Others speak of heartbreak. “Leavin Tomorrow in the Morn” relates having to leave someone you love because they don’t want to settle down. “All I Have to Do (Is What I Have to Do)” tells of what to do once love falls apart, and that is just what you have to do. Pick it up, move on, do what is best for yourself. “I Remembered Your Eyes (When You Left Me)” digs a little deeper into the emotions involved when love comes to an end and something new comes along. It can be tricky on your emotions when you’re recovering from heartbreak. We are often afraid of “falling” back into love. But it is important to not live in fear, but rather to see what happens, experience all that life has to offer and you never know what will develop.

All of these experiences of falling and rising in and out of love are all summed up in “Only Heartache”. It can seem like all these experiences are just an endless loop of heartache and pain, but they are all collective experiences that shape you into the person that you are today. These experiences are expressed in song for me and they all have their place in this grand mosaic that we call life. We should not regret the past nor shut the door on it, simply live each day humbly and grateful for what we have.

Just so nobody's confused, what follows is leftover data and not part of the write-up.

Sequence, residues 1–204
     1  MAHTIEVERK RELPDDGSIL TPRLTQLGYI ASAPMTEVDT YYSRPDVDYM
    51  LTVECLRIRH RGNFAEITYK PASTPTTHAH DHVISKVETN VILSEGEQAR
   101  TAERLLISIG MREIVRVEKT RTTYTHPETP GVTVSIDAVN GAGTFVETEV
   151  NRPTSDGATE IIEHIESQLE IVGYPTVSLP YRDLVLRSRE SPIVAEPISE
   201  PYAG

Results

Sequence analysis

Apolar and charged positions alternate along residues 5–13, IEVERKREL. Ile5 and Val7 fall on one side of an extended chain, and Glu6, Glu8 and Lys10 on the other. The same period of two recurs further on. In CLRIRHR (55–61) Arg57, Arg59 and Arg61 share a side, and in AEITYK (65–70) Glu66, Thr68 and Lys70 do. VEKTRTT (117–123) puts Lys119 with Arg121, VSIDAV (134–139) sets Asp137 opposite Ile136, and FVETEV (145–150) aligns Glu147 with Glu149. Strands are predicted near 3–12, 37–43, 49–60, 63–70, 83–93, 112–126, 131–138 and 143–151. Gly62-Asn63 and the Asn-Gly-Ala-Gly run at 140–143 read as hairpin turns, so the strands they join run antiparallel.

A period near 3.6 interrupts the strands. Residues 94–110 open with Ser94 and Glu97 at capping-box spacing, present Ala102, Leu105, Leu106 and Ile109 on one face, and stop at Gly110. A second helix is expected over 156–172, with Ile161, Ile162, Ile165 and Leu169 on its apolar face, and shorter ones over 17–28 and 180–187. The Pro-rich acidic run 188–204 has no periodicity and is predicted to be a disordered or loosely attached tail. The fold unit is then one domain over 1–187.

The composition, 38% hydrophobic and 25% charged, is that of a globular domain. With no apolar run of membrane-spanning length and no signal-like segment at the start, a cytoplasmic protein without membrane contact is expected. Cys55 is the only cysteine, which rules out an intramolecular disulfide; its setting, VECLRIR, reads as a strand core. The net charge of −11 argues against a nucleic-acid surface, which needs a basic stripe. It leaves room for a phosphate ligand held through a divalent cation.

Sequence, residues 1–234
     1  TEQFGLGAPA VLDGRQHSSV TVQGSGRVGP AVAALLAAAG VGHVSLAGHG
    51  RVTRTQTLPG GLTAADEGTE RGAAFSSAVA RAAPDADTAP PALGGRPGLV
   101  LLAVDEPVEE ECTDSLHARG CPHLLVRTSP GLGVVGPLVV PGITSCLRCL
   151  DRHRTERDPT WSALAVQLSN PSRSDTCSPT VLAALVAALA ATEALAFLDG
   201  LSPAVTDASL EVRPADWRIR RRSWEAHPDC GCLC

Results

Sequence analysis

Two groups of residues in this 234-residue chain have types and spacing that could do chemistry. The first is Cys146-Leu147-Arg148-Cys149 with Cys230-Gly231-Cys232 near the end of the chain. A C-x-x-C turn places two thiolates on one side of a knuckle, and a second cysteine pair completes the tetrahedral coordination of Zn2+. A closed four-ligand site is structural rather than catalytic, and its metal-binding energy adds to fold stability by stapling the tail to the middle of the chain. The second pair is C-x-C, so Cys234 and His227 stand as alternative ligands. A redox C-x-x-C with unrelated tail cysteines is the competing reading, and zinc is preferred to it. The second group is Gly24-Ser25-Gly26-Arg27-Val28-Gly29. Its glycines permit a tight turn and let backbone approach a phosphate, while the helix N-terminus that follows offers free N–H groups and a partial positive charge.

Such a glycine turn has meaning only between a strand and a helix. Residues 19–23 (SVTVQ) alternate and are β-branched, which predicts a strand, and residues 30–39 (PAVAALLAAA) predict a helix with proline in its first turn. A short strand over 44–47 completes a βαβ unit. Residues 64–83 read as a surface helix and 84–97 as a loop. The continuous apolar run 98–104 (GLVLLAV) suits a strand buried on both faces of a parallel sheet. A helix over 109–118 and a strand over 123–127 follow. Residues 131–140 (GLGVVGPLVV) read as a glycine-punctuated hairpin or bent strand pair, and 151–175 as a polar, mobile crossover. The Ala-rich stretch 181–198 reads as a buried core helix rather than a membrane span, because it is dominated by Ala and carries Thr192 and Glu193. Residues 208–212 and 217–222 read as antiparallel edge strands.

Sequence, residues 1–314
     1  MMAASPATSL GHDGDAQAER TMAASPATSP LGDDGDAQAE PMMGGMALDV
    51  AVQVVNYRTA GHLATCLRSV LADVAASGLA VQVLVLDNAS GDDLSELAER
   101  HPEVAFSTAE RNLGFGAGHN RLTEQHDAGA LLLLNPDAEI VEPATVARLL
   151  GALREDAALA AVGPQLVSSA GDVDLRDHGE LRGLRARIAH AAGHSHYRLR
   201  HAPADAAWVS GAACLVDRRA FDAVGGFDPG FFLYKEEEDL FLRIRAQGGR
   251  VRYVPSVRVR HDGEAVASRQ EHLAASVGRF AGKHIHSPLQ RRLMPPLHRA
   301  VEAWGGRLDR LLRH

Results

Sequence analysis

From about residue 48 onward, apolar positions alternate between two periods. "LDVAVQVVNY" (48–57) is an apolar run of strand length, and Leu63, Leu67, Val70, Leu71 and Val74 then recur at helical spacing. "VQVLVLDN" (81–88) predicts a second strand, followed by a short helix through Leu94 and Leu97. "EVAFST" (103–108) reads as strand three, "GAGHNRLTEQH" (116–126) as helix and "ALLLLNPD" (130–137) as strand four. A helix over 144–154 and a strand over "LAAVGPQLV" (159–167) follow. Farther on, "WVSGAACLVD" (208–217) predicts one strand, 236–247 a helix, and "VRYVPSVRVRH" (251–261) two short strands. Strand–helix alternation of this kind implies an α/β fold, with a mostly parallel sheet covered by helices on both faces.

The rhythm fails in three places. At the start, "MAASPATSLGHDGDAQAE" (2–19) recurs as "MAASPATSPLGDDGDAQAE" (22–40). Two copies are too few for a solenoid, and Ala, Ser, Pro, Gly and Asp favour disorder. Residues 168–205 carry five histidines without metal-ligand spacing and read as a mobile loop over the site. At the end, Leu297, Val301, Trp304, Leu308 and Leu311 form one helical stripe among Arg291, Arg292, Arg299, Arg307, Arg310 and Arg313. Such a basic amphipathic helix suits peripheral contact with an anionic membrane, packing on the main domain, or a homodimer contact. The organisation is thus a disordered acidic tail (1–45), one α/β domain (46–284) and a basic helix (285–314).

Other songs touch on topics outside of just love and heartbreak. “I Couldn’t Turn Him Away” tells the story of getting in trouble with the law and receiving the grace of God through those trials and tribulations. It isn’t the judgement of man that determines your fate, but judgement in the eyes of God as you understand God, and when He offers his hand of salvation to you, it is best you receive this grace. And again, this God I speak of has no name and no face, it is the God that you choose to follow and that you chose to believe in. Again, man is not here to judge, but to love.